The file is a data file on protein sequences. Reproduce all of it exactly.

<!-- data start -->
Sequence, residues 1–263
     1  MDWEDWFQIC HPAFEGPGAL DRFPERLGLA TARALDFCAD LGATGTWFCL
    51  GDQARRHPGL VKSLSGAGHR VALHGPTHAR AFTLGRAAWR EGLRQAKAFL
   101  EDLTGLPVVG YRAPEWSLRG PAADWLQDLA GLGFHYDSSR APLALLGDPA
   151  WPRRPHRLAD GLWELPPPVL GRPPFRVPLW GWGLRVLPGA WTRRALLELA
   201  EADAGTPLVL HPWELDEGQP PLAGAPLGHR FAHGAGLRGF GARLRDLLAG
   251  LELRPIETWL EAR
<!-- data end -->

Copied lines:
Sequence, residues 1–263
     1  MDWEDWFQIC HPAFEGPGAL DRFPERLGLA TARALDFCAD LGATGTWFCL
    51  GDQARRHPGL VKSLSGAGHR VALHGPTHAR AFTLGRAAWR EGLRQAKAFL
   101  EDLTGLPVVG YRAPEWSLRG PAADWLQDLA GLGFHYDSSR APLALLGDPA
   151  WPRRPHRLAD GLWELPPPVL GRPPFRVPLW GWGLRVLPGA WTRRALLELA
   201  EADAGTPLVL HPWELDEGQP PLAGAPLGHR FAHGAGLRGF GARLRDLLAG
   251  LELRPIETWL EAR